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Helping Your Child Deal With Emotions Through Creative Expression

Creative expression through writing and art can be a very therapeutic technique for children with emotional problems including depression, anxiety, self-hatred and rage. At home, you can encourage your child to deal with painful emotions by providing different kinds of freedom in creativity. One of the greatest outlets for powerful, overwhelming feelings is through art. All children, regardless of their limitations or struggles, have feelings that are often hard to describe and give meaning to. Helping them release these emotions is important.

Unstructured Poetry

A poet by the name of Kenneth Koch was working with stressed-out and depressed children in New York City. He found that when he encouraged them to express their feelings in unstructured poetry, they were able to deal with a lot of their overwhelming problems and challenges.

Go to the library, and find poetry books for children. Read aloud with your child and talk about what the author was feeling when writing each poem. Ask your son or daughter… what makes you angry? What makes you sad? What makes you giggle? Encourage your child to write free verse poems that describe emotions. Compare emotions to weather, colors, animals, items in nature, or imaginary things like monsters. Don’t correct your child’s poem, and allow complete freedom. Let the poem open up a discussion, or if the child is reluctant, consider it a starting point to simply get some feelings on paper.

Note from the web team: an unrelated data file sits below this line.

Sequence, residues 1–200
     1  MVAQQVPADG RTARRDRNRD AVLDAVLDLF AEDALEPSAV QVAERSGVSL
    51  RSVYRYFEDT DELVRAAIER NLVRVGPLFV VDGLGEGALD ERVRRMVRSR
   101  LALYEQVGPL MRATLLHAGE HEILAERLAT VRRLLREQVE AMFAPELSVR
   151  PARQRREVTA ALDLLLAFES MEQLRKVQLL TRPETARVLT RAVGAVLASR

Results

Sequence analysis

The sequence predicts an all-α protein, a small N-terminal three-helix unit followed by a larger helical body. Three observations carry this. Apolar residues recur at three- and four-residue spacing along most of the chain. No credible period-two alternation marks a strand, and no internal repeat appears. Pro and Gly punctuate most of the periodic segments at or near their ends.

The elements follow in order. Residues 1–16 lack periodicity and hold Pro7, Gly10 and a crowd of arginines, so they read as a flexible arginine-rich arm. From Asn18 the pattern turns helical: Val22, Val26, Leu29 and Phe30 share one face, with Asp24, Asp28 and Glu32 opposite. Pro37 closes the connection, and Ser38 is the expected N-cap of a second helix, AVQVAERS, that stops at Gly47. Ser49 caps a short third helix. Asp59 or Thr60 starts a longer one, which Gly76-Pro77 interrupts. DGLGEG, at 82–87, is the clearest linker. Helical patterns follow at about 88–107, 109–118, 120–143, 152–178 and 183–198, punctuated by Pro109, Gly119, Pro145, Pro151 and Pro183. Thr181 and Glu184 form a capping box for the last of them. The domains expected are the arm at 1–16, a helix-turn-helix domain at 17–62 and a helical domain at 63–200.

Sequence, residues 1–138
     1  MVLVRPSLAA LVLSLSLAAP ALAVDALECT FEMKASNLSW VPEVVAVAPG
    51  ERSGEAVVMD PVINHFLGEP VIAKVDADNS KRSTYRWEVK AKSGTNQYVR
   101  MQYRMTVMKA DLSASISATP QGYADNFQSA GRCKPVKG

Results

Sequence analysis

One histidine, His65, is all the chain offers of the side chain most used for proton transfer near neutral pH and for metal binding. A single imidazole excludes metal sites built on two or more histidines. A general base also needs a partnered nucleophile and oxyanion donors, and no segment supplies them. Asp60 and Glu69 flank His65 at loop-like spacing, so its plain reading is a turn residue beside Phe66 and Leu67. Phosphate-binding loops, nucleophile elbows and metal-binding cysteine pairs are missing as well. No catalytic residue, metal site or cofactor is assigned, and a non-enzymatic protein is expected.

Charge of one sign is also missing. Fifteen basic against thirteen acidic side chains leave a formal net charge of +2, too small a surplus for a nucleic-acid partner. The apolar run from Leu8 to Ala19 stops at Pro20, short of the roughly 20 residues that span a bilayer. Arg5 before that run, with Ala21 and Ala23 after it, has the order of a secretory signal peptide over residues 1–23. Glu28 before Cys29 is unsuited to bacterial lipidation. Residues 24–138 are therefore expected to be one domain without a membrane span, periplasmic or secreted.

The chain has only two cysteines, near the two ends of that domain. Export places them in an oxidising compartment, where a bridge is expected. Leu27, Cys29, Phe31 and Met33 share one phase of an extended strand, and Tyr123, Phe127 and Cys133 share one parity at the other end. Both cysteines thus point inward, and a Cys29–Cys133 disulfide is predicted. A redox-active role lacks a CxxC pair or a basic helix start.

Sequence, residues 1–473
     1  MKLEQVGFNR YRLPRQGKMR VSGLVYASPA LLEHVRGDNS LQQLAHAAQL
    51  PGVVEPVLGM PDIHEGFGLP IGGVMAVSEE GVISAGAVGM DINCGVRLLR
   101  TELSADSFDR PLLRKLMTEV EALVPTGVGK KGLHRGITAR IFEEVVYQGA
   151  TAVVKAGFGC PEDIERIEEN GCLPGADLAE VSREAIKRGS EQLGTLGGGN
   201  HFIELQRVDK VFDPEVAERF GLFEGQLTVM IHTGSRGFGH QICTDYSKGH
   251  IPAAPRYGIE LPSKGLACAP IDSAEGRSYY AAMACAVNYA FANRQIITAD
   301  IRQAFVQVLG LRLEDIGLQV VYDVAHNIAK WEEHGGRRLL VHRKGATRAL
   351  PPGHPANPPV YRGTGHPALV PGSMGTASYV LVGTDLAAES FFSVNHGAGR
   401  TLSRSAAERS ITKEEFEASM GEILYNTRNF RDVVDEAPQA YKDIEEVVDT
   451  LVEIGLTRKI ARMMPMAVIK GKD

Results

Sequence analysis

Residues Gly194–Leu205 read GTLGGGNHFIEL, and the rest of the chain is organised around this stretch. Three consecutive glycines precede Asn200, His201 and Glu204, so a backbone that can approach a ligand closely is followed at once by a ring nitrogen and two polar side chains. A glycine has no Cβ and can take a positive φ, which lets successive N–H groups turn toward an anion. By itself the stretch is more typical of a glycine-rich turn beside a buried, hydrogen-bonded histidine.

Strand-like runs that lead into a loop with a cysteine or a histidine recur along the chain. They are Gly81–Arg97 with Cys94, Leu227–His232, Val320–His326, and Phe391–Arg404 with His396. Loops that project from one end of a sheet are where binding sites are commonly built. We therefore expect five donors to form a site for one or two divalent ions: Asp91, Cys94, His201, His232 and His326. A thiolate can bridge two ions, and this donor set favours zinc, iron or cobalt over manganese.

Creative Expression In Drawing or Painting

This is a good activity for non-verbal children or those who have difficulty with written language. Buy art materials for your child, like sketch pads and crayons, or watercolor paints. Talk about colors and moods. Ask: When you’re angry, what color are you? When you’re sleepy, what color are you? What color would “happy” be? If you were really scared, what kind of animal would you be? Have your child choose the colors he’s “feeling” right now. Let him paint an abstract or simple picture that shows how he’s feeling. Next, have your child think about things that make him angry or sad. Let him paint out his frustrated or depressed feelings. If “mad” were a monster, what would he look like? Let your child have complete freedom to draw whatever his emotions guide him to create.

Choose Story Books that Evoke Emotion

Select books that describe real child-like feelings and emotions. Some examples are books like “Where the Wild Things Are,” by Maurice Sendak , “Today I Feel Silly, And Other Moods That Make My Day,” by Jamie Lee Curtis (the ONLY celebrity book author, in my opinion, who really writes outstanding books for kids), “There’s a Nightmare in My Closet,” by Mercer Mayer, “Alexander and the Terrible, Horrible, No-Good, Very Bad Day,” by Judith Viorst (my favorite) etc. Read the story with your child and talk about emotions, feelings, and what the characters in the books are experiencing. Most children will seem to prefer the books that they can relate to most. If your daughter wants to hear stories about kids who are mad, or if your son likes books about fear of the dark, you might be on to something.

Remember that as a parent, you have access to reach your child and understand his feelings more than anyone else. By demonstrating that you are willing to listen, without judging, and that you’ll allow your child to freely express her moods in appropriate ways, you will foster emotional well-being. EVERY child wants, ultimately, to be heard and understood. Some children just need opportunities to approach difficult topics in a safe and nurturing environment.

Kristyn Crow is the author of this blog. Visit her website by clicking here. Some links on this blog may have been generated by outside sources are not necessarily endorsed by Kristyn Crow.

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